Olga’s Kitchen

When Olga Loizon began selling her trademark Greek-style sandwiches out of a small kiosk in a Birmingham, Mich., shopping mall in 1970, she knew the combination of seasoned, broiled beef and lamb topped with onions, tomatoes and tangy “Olgasauce” – and wrapped in her secret-recipe “Olga bread” – would quickly earn a fan following. But what she didn’t know was that Olga’s Kitchen would evolve into a chain of 34 successful restaurants in Michigan, Ohio and Illinois with two more under construction.

When a restaurant investor tried the Original Olga sandwich, he recognized its potential and offered to purchase the product and rights from Loizon in 1976. Olga’s Kitchens began popping up in shopping malls across the state throughout the 1970s, 1980s and 1990s until shareholders at the Troy, Mich.-based company noticed retailers were transitioning from regional shopping malls to big-box-anchored retail centers, and reacted to this new trend. It now operates more than half of its restaurants in suburban strip centers.

Olga’s Kitchen underwent another tran­sition when current President and CEO Matt Carpenter joined the company in 2007. Carpenter’s previous executive positions at Applebee’s, Zio’s Italian and Frisch’s Restaurants allowed him to bring significant industry experience to Olga’s Kitchen. “At Olga’s, I saw a spectacular product with tremendous consumer appeal that could be developed and expanded,” he says.

Olga’s Recipe for Success

Even though the economy was still on the mend from a recession that seemed to hit Michigan especially hard, 2010 was a record year for Olga’s Kitchen. Its top line was up by more than 5 percent from previous years.

Carpenter credits a number of factors. First, Olga’s Kitchen continually improved its guest experience on a year-over-year basis. Internal data collected through its customer loyalty program showed its purchase loyalty had improved for 36 straight months, Carpenter notes.

“You can drive people in but what really matters is what you do once you have them,” Director of Marketing Chad Oliver says. “The most valuable piece of information you can get from a loyalty program is the market insights or transactional data that those cards allow you to track on your consumer base. We use that data to determine what guests like to eat and what part of the menu they use the most so we can send out email offers that are pretty selective to the individual. The guests get what they want, and hopefully we’ll get some extra visits out of that.”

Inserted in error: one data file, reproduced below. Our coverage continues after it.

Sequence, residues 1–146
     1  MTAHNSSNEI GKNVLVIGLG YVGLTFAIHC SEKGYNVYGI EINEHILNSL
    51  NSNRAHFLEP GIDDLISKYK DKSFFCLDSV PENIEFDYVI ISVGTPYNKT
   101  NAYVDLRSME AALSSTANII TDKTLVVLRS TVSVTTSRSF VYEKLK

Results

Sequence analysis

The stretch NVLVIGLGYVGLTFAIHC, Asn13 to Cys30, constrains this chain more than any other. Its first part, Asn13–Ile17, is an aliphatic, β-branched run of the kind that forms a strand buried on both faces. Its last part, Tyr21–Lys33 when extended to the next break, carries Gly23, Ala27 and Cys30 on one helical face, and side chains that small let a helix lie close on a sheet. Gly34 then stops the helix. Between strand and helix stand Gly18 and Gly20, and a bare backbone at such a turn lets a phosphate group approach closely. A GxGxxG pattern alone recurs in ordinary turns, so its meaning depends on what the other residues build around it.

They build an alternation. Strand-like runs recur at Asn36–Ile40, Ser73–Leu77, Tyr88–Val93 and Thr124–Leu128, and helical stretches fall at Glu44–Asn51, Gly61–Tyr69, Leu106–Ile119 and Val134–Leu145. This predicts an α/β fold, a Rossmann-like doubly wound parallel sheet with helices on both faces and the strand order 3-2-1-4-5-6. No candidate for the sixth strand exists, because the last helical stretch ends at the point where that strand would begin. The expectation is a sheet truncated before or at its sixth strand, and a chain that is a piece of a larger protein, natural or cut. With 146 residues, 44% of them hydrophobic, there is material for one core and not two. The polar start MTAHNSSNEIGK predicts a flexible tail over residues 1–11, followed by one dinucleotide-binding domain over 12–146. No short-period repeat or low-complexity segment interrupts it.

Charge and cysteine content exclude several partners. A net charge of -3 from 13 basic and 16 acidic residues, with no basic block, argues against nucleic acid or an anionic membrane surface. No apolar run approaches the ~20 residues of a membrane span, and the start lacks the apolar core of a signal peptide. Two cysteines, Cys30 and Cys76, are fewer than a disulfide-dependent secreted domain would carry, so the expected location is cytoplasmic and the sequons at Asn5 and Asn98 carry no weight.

Another focus for Olga’s Kitchen is on product innovation. It introduced 12 new menu items with bolder, more contemporary flavor profiles to strengthen its menu breadth and variety.

“Although our primary positioning is a premium sandwich offering, we also paid attention to introducing healthful alternatives such as entrée salads, or salads as a meal,” Carpenter says. “I think the No. 1 trend in the past couple of years is value, and I wouldn’t characterize that solely as price.

“We’ve been really focused on using high-quality, locally sourced ingredients while still paying attention to our price positioning in order to drive value,” he continues. “We have also worked to create a family focused experience with moderately priced kid meals with healthful options.”

In addition, Olga’s Kitchen has enhanced its to-go experience for customer convenience, which now constitutes more than 20 percent of its sales. Patrons may call or order online and then pull up to a parking space outside the restaurant and have their orders brought to them in their cars.

The company is leveraging its presence on social media platforms such as Facebook, Twitter and Yelp to engage customer communication. “We have a presence on all of them to create an open, two-way dialogue with our guests,” Oliver says.

“We’re using what’s out there to listen and be proactive about developing products and services that are tailored to our guests.”

Now, Olga’s Kitchen is gearing up for another growth spurt as it looks to expand through a master franchise system. “We are currently looking in nine markets adjacent to Michigan for the right franchise development partners,” Carpenter says. “We have no agreements in place, but we are working on that diligently now.”